Are you familiar with Meatless Mondays? If not, let’s take some time to talk about it. Meatless Monday is an initiative associated with the Johns Hopkins Bloomberg School of Public Health to get people to eat less meat by going vegetarian one day a week . Wait! Don’t stop reading! It’s not as bad as it sounds, I promise.
I’m not asking you to give up meat entirely – just cut back for one day a week. Making veggies the center of your plate for only one day a week can drastically reduce your risk of some cancers, type 2 diabetes, heart disease, and obesity. At this point, many of us have heard the research about high red meat consumption, but check it out if you haven’t already. From a nutrition standpoint, cutting down on meat is a great way to cut your intake of saturated fat and cholesterol. It’s also a great way to start the week off with extra servings of fruits, veggies and beans, which, let’s face it, we’re probably not eating enough of. I am a huge advocate of it because I think it’s an easy way to improve your health and reduce your carbon footprint.
Worried about protein? Don’t be. Protein is found is almost every food we eat. The average healthy person only needs around 0.8 grams of protein per kilogram of body weight, but most Americans get much more than that every day (USDA data suggests most men in this country get 190% of their recommended protein everyday!). If you still have concerns, check out this great protein primer from the No Meat Athlete.
Worried your family won’t enjoy it? If you don’t make a big deal about it, chances are your family won’t notice. To get the ball rolling, think of meals your family already enjoys that don’t include meat and expand from there. Try familiar foods that can become vegetarian options like lasagna, black bean enchiladas, simple mushroom pizzas, or veggie burgers. If you’re looking to expand your family’s culinary horizons, try lentil curry with basmati rice, or tofu noodles with peanut coconut sauce .
But it doesn’t have to be this fancy. For example, it’s been a very long day and a busy week, so for dinner I just might throw some left over veggies on a pizza crust and call it a day. Or maybe I’ll make this recipe for quinoa salad with peas and cashews that I’ve been dying to try. We’ll see.
Anyway, since the internet is loaded with sites that talk about vegetarian diets, some useful, some not, I want to share with you my favorites. Also, the links above are great resources too.
The Meatless Monday homepage offers links to articles and research that support opting out of meat one day a week. They have some FAQs about starting to cut out meat one day a week, and give a list of celebrities and organizations that have taken up the cause. It posts new recipes every week that range from simple family favorites to exotic gourmet feasts. It’s a good place to start.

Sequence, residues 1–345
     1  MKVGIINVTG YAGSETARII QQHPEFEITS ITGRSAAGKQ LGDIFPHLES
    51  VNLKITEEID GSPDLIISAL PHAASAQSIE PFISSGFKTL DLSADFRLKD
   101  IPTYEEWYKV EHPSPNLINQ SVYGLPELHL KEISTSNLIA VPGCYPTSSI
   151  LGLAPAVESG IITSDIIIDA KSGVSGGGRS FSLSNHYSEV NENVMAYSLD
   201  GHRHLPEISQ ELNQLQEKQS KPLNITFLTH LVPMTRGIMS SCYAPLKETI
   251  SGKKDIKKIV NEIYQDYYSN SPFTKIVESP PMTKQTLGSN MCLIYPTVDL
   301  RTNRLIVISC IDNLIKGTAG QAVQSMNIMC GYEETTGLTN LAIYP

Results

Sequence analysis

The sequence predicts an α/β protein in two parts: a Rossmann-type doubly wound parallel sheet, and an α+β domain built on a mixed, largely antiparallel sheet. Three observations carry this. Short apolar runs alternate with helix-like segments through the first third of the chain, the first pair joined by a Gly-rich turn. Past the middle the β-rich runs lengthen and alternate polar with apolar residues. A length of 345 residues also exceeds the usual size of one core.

The Academy of Nutrition and Dietetics offers practical, evidence based tips and recipes for keeping your family healthy. Click here for a list of some of their vegetarian lifestyle topics including recipes, meal planning guides, and cooking vegetarian for a family.
Oldways promotes healthy, heritage diets. Not sure what that means? Check them out- it just might change your life (or at least your diet). This will take you right to their vegetarian info. They also have vegetarian recipes and healthy recipes you can use for the rest of the week too.
So this Monday, make a conscious effort to avoid meat. Still not sure you can go a whole day? Why not try going meatless for 3 lunches during the week? Or even 2! Every small step helps you and the planet.
Katie Schaeffer is a graduate student at D’Youville College, completing her master’s thesis is dietetics, focusing on improving urban food environments. She has a background in environmental science, agriculture and nutrition. A 15 year vegetarian, Katie advocates eating a mostly local, plant based diet to improve health and the environment. She is a member of the Academy of Nutrition and Dietetics, the Western New York Dietetics Association, and the Dietitians in Integrative and Functional Medicine practice group. In her spare time, she enjoys cooking meals for friends and family, singing with the Buffalo Choral Arts Society, and making her own clothes. She loves a good road trip and experiencing new places and new foods. Katie lives in Buffalo with her husband Hill and their dog Brody. Her favorite food is tofu. Not really. It’s actually coconut cake.